Acrylic Paint Review: M. Graham & Co. Acrylics

Acrylic Paints: M. Graham & Co.;
Acrylic paints made by M.Graham & Co. Photo © Marion Boddy-Evans 2006

The Bottom Line

Updated June 2013: After a reader queried the length of drying time, I contacted M. Graham. It seems I misinterpreted what their leaflet meant; it's not that the paint will stay workable, but rather that "It means you can rewet a surface dry color by scrubbing with water and a brush. It does not mean it takes an hour to dry." (to quote part of the email exchange.) Given I tend to paint with a very wet brush, and on canvas, this will help explain why the paint stayed workable for up to half an hour for me.

Original review: The acrylic paints manufactured by M. Graham & Co. are formulated to have a longer working time than most acrylics, depending on temperature and humidity. This enables you to work wet-on-wet and blend colors in a way that's more like working with oil paints than with acrylics.

Being used to acrylics that dry rapidly and building up colors by glazing, using M. Graham & Co's acrylics with their longer working time takes a little getting used to, but open up new options.


  • Extremely strong, saturated colors.
  • Tube states if a color is opaque, semi-opaque, or transparent; useful for glazing and mixing.
  • Consistency of soft butter, suitable for impasto or brush work.


  • Not the cheapest acrylics, but you do get what you pay for.
  • Not as widely available as some other brands of acrylics (try online stores).


  • Artists' quality acrylic paints. Available in tubes and jars, with the identical formulation.
  • All acrylic paints conform to ASTM D4236 product safety requirements.
  • Gloss and matt acrylic mediums available for thinning the colors for glazing techniques.
  • Identical pigments used in M. Graham & Co.'s acrylics, watercolors, gouache, and oil paints.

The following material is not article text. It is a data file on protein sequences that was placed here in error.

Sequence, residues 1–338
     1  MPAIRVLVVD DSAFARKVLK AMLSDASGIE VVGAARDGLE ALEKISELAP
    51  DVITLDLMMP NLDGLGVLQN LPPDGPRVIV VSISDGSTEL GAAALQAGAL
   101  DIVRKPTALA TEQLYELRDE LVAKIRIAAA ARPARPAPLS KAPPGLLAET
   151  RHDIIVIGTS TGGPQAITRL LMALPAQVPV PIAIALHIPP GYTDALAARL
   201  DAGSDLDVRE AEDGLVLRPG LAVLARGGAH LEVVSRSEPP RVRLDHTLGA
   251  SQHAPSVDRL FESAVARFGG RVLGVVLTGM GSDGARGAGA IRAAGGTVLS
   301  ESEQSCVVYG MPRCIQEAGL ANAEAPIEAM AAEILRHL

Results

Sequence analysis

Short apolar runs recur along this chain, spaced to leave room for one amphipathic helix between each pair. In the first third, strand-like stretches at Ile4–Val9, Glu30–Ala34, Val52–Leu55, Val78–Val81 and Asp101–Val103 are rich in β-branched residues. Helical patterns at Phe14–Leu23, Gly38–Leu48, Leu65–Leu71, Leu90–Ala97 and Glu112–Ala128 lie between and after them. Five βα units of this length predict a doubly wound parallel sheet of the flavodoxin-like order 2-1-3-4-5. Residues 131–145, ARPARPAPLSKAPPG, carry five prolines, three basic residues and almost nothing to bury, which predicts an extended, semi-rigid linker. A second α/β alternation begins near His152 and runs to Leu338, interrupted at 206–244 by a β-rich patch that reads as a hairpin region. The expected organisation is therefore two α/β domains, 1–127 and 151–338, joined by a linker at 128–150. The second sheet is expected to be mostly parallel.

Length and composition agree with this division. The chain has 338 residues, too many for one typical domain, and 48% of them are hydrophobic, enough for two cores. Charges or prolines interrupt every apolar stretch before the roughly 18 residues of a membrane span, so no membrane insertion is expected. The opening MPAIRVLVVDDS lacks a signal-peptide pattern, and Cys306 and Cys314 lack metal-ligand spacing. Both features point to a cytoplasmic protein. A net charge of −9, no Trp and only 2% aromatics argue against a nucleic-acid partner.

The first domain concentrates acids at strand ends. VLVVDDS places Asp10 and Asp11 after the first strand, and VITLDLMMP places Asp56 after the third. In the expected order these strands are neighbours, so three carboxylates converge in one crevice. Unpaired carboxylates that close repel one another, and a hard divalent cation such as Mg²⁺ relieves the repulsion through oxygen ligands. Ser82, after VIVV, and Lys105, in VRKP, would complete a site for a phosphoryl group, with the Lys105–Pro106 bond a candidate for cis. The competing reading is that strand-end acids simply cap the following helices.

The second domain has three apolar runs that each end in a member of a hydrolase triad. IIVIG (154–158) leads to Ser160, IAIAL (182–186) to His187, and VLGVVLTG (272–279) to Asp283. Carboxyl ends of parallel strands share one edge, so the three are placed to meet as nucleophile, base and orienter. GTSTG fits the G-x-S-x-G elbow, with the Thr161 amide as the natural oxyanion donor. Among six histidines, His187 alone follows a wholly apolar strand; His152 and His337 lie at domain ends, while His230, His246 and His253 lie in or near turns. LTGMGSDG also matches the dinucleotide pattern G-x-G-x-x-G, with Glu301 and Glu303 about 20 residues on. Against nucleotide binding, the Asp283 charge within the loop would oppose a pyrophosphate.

Guide Review - Acrylic Paint Review: M. Graham & Co. Acrylics

Original Review: I admit, I was skeptical when I saw that M. Graham & Co. claim their acrylics have a long open time of up to an hour. Their leaflet says "Our unique high solids acrylic resin is slower drying with a longer open time that allows subtle blends of color and soft transitions between tones. The slower 'cure' rate of this pure resin allows the surface to be reactivated for the first hour after application allowing striking wet into wet effects." But when I started painting with them, I was pleasantly surprised.

Okay, I didn't get an hour, more like half, but I was painting in very dry and hot (25-30C/80-85F) conditions. In cooler and more humid conditions, I believe you could well get the hour's working time with these acrylics the manufacturer claims.

It took a little getting used to working wet-on-wet with acrylics but using the transparent Azo Yellow with the Phthalocyanine Blue produced the most beautiful greens (see painting with just these two colors).

I don't have the ability to test the fact that the acrylics made by M.Graham & Co. "contains more solids (acrylic)" which is why they say they're able to "eliminate dependence on commonly used 'thickening' agents" enabling them to "incorporate more pigment in our color for added strength and brilliance". But when you squeeze a color out a tube you're struck by its intensity. The next time someone asks me why they should bother spending money on artist's quality acrylics rather than students, I'll show them these colors!